Firing

There’s danger in every aspect of firing, from WARN Act layoffs and exit interviews to constructive discharge and more.

Learn how to fire an employee and sidestep wrongful termination lawsuits, with battle-tested firing procedures, and employment termination letters. At last, you can fire at will!

Some employees think they can behave like jerks at work without any consequences—as long as they don’t harass co-workers. You don’t have to put up with that kind of nonsense. Instead, institute clear rules against such behavior. Put them in your employee handbook. Then enforce those rules—up to and including firing those who just won’t change their ways.

If you’re like many employers, you offer severance pay when you have to implement a reduction in force. Never pay severance without getting something in return from the employee, namely a release and waiver of liability. There’s an important catch to understand when you ask for such a release from older workers.

On April 15, President Obama signed into law amendments to the COBRA subsidy provision of the American Recovery and Reinvestment Act stimulus. Those amendments—plus amendments enacted in March—not only extend the time that the subsidy is available, but also offer it to certain individuals whose hours were reduced before they were involuntary terminated.
You're likely to someday work with attorneys on contracts or even — perish the thought — lawsuits aimed at your organization. The good news is you can take some steps to contain the cost of using outside attorneys. Here are 7 common-sense ways to trim your legal expenses:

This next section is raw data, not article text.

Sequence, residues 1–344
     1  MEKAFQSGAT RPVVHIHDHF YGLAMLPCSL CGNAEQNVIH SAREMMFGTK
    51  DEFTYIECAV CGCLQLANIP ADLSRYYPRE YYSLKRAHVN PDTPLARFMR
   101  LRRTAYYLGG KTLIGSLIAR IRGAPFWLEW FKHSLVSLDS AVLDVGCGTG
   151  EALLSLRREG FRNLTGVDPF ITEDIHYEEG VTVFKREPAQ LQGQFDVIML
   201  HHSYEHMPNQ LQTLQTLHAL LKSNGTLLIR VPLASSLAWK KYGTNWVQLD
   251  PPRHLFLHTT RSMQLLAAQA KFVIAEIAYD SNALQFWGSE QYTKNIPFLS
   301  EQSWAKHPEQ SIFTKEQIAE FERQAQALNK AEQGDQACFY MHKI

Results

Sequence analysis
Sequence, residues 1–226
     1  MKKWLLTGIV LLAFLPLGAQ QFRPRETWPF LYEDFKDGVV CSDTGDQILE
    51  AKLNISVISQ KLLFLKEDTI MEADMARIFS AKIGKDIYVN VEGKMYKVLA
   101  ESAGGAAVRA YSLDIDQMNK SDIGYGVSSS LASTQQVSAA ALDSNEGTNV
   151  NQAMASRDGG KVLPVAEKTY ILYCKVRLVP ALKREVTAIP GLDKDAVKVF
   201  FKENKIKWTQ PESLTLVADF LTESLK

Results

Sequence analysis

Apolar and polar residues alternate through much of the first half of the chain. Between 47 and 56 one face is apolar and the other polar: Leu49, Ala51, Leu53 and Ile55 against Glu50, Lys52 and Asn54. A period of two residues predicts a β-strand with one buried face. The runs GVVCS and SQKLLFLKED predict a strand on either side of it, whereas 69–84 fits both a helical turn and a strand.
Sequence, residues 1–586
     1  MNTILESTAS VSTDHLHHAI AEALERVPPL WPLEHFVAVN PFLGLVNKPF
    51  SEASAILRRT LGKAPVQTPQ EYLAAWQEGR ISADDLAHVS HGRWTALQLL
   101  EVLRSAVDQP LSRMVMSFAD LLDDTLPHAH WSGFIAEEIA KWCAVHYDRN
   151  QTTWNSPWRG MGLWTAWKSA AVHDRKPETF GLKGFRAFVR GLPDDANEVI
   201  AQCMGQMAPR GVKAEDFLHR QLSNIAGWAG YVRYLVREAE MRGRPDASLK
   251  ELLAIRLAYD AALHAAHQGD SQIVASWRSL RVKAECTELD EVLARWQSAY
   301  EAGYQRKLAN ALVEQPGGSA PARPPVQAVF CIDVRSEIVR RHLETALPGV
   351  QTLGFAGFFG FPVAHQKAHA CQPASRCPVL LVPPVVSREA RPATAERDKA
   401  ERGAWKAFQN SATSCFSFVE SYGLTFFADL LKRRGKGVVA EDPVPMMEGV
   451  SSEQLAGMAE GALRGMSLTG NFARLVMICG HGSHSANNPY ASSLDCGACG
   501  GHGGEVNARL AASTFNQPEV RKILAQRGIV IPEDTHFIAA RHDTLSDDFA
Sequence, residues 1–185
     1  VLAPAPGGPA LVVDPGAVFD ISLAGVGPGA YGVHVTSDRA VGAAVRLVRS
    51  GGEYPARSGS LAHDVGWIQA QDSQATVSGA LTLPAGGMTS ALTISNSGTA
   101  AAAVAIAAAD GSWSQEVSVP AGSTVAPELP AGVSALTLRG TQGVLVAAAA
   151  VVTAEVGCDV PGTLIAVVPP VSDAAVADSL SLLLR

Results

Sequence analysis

You never know which terminated employee will sue—or how long he might wait to do so. That’s why it’s important to document everything leading up to the termination. Then make it your policy to retain firing-related documents indefinitely.

Here’s a new worry for Ohio HR pros who play a role in deciding whether to fire employees: You could end up being sued personally if it turns out that the discharge was wrongful under Ohio’s public policy exception to at-will employment. That means your own assets—not just the company’s—are at risk. Here’s how it works:

Generally, Pennsylvania is an at-will employment state where employers can fire employees for any nondiscriminatory reason. But Pennsylvania also allows lawsuits for wrongful discharge based on public-policy concerns. Those public policies include the right not to be fired for reporting company safety violations that could harm the public.

The Toledo City Council voted to pay $450,000 to settle a race discrimination and wrongful-termination lawsuit brought by two former city employees. That makes for a happy ending to a two-year legal odyssey for Office of Affirmative Action Director Perlean Griffin, and executive director of the city’s Youth Commission Dwayne Moorehead, who served under former Mayor Carty Finkbeiner.

Q. Is it legal to require management employees to give us a longer resignation period than other employees?

Some employees don’t respond well to corrective discipline. They may become angry and combative. You don’t have to put up with that sort of behavior. In fact, you can use that reaction as a valid termination reason.